Nick Kyrgios reaches Wimbledon semi-finals for first time in straight-sets win | Wimbledon 2022

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Wimbledon has seen many sides of Nick Kygrios during this past fortnight, from the boorish to the sublime, but after reaching his first grand slam semi-final with a victory that was rarely as comfortable as the 6-4, 6-3, 7-6 (5) scoreline indicated, the Australian offered a fresh side to his complex character: humility.

“I thought my ship had sailed,” he admitted after defeating the Chilean Christian Garín. “I didn’t go about things great in the early part of my career.” When it was suggested that he had been in control, Kygrios shook his head. “I felt I was playing on the back foot a lot,” he replied. “I got lucky on a couple of break points. I will take that.”

This being Kyrgios, it was rare that five minutes went by when he wasn’t getting frustrated with his box, or being annoyed with the crowd. Several times he demanded more from his team, even though they kept applauding. Yet once again he found a way to win.

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“I don’t have a coach, I would never put that burden on someone,” he admitted afterwards. “Each and everyone of my team plays a role but no one knows my game better than I do. I’ve been playing this sport since I was seven so it is great to get to a grand slam semi-final.”

Kyrgios is due to face a court in Australia next month after being summonsed to face a charge of assaulting a former girlfriend. However, he retained the backing of the majority of the Court One crowd.

Nick Kyrgios gets down for a low ball.
Nick Kyrgios gets down for a low ball. Photograph: Tom Jenkins/The Guardian

The match could hardly have started worse for him, however. Kyrgios’ serve is one of the mightiest in the game. Yet his Chilean opponent immediately rattled a forehand winner past him, and then another, to break to love. Garín then held to love to go 2-0 and Kyrgios was looking distinctly rattled.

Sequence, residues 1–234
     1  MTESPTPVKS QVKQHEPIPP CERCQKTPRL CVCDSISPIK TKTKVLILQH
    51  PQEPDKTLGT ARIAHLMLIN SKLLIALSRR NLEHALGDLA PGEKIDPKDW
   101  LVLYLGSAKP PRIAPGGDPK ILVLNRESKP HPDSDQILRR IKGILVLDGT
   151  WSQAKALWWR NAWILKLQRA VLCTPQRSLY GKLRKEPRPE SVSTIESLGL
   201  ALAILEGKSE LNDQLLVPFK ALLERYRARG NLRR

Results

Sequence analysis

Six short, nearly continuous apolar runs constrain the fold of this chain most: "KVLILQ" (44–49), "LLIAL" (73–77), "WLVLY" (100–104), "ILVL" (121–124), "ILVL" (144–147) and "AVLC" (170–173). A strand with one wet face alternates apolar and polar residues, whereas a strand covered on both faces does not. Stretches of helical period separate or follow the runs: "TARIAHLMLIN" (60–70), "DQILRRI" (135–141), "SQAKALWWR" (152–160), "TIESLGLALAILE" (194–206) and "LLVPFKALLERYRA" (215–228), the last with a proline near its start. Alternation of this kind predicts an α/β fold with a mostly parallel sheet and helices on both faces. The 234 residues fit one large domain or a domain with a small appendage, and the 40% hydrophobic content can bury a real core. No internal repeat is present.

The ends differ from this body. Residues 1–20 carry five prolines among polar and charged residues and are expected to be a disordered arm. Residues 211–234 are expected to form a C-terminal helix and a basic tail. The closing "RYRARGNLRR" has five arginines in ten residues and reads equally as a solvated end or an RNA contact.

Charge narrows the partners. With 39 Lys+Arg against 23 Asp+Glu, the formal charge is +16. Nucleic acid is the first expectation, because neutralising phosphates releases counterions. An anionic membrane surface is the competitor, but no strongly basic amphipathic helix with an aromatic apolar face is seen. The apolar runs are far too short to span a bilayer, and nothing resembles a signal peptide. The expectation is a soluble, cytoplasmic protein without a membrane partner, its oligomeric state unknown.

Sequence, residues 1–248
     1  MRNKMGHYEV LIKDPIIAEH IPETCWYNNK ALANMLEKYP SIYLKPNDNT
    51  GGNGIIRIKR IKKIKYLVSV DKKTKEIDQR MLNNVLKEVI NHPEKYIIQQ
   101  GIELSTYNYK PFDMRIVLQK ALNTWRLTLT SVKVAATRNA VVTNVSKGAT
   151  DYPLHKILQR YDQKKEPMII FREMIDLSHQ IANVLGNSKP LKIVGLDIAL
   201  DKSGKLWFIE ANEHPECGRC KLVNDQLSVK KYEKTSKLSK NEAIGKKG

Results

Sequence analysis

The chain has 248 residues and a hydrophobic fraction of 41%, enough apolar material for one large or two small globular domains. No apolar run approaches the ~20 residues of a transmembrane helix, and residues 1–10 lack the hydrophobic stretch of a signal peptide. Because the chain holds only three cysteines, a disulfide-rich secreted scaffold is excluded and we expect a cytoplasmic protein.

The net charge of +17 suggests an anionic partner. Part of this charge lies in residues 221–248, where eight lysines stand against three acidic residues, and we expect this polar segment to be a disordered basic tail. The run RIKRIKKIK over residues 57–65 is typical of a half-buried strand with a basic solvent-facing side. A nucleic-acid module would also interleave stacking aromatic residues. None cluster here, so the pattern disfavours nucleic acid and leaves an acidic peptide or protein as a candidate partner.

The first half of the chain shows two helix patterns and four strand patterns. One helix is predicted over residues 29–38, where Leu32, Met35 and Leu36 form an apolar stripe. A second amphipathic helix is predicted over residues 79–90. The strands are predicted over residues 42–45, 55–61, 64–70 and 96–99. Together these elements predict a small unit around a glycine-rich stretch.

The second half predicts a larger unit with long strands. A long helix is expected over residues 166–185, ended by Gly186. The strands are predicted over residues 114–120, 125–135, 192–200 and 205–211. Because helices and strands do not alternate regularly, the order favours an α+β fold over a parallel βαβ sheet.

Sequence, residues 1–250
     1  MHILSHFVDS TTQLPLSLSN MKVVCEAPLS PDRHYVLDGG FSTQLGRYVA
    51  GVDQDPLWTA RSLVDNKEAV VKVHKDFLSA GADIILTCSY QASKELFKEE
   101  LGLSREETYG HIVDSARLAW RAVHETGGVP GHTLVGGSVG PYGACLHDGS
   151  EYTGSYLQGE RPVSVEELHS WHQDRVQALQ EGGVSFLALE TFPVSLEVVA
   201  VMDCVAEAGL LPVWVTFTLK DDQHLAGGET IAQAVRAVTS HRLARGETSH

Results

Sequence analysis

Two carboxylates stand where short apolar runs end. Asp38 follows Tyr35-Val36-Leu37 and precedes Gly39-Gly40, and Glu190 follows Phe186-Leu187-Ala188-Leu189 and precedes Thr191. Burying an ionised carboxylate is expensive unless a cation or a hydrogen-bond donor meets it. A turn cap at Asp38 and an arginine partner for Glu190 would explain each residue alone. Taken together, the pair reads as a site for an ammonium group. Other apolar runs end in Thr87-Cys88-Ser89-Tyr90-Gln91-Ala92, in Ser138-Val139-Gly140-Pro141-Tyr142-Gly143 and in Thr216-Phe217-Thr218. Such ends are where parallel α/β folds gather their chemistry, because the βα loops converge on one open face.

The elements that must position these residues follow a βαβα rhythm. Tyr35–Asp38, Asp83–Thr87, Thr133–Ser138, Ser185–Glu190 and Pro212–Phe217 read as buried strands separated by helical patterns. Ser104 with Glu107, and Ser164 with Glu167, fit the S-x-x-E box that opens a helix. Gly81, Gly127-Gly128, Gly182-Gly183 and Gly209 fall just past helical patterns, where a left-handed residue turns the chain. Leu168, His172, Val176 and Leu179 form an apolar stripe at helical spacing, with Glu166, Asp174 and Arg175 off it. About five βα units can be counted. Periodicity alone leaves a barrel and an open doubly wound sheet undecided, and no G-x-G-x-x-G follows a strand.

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“Come on, Kygs!” his team called from the stands. “Don’t say that,” he responded before demanding more energy from those in his box. But after finally getting on the board after two aces – at 126 and 131mph – he then broke back to make it 3-3 before breaking again to take the set.

From then on the match became nearly as exhausting for Kyrgios’ entourage as it was for him. For after every point, win or lose, they had to stand up to applaud their man before squatting back down on their seats. Up and down and up, nodding their heads, urging him on.

Kyrgios’ body might feel a little bit sore when he wakes up tomorrow. But so, you imagine, will the legs of his father Giorgos and sister Halimah, along with manager Daniel Horsfall, personal physio Will Maher and girlfriend Costeen Hatzi.

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After an early break in the second set Garín’s legs started to look a little heavy, the legacy of his epic five setter over Alex de Minaur, and it would have been easy for him to fall away. Instead he came close to breaking at 1-3 and 2-4 – with Kyrgios’ serve.

In the third set, Garín improved again – hitting 13 winners to one unforced error – a double fault – as the set went to a tie-break. He was playing better tennis. But Kyrgios’s serve was proving the great equaliser.

It looked all over as Kyrgios got a mini-break to go 2-0 up in the tie-break. But there was another twist as Garín won five of the next six points to go 5-3 ahead. However Chilean then shanked a forehand on his serve and missed a passing shot and Kygrios was able to capitalise – and progress.

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